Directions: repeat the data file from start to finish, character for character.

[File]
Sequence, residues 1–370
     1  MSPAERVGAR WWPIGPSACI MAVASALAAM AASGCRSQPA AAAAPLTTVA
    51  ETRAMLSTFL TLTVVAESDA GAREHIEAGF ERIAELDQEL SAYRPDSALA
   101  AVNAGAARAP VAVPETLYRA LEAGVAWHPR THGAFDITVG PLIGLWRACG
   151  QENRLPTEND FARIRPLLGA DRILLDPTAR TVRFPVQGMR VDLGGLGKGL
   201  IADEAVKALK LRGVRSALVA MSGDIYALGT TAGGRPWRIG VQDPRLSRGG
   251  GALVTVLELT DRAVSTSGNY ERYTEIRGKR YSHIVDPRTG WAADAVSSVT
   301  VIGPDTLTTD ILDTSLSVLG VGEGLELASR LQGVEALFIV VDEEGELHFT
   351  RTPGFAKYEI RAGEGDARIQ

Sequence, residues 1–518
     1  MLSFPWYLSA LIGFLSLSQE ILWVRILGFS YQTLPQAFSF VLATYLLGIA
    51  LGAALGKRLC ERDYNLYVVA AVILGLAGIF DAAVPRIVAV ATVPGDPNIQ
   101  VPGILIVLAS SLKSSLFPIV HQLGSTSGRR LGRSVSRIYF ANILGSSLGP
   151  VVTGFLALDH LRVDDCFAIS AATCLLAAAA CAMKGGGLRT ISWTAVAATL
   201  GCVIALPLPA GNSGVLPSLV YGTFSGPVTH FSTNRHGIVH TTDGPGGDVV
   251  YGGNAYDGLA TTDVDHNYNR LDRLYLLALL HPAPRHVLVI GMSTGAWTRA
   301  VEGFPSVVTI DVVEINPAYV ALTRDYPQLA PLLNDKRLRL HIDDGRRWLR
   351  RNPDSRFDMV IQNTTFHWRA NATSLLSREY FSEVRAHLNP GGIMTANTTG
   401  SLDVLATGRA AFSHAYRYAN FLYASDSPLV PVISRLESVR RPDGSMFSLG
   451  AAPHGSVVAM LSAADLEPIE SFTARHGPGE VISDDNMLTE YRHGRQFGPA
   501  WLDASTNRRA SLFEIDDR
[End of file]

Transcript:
Sequence, residues 1–370
     1  MSPAERVGAR WWPIGPSACI MAVASALAAM AASGCRSQPA AAAAPLTTVA
    51  ETRAMLSTFL TLTVVAESDA GAREHIEAGF ERIAELDQEL SAYRPDSALA
   101  AVNAGAARAP VAVPETLYRA LEAGVAWHPR THGAFDITVG PLIGLWRACG
   151  QENRLPTEND FARIRPLLGA DRILLDPTAR TVRFPVQGMR VDLGGLGKGL
   201  IADEAVKALK LRGVRSALVA MSGDIYALGT TAGGRPWRIG VQDPRLSRGG
   251  GALVTVLELT DRAVSTSGNY ERYTEIRGKR YSHIVDPRTG WAADAVSSVT
   301  VIGPDTLTTD ILDTSLSVLG VGEGLELASR LQGVEALFIV VDEEGELHFT
   351  RTPGFAKYEI RAGEGDARIQ

Sequence, residues 1–518
     1  MLSFPWYLSA LIGFLSLSQE ILWVRILGFS YQTLPQAFSF VLATYLLGIA
    51  LGAALGKRLC ERDYNLYVVA AVILGLAGIF DAAVPRIVAV ATVPGDPNIQ
   101  VPGILIVLAS SLKSSLFPIV HQLGSTSGRR LGRSVSRIYF ANILGSSLGP
   151  VVTGFLALDH LRVDDCFAIS AATCLLAAAA CAMKGGGLRT ISWTAVAATL
   201  GCVIALPLPA GNSGVLPSLV YGTFSGPVTH FSTNRHGIVH TTDGPGGDVV
   251  YGGNAYDGLA TTDVDHNYNR LDRLYLLALL HPAPRHVLVI GMSTGAWTRA
   301  VEGFPSVVTI DVVEINPAYV ALTRDYPQLA PLLNDKRLRL HIDDGRRWLR
   351  RNPDSRFDMV IQNTTFHWRA NATSLLSREY FSEVRAHLNP GGIMTANTTG
   401  SLDVLATGRA AFSHAYRYAN FLYASDSPLV PVISRLESVR RPDGSMFSLG
   451  AAPHGSVVAM LSAADLEPIE SFTARHGPGE VISDDNMLTE YRHGRQFGPA
   501  WLDASTNRRA SLFEIDDR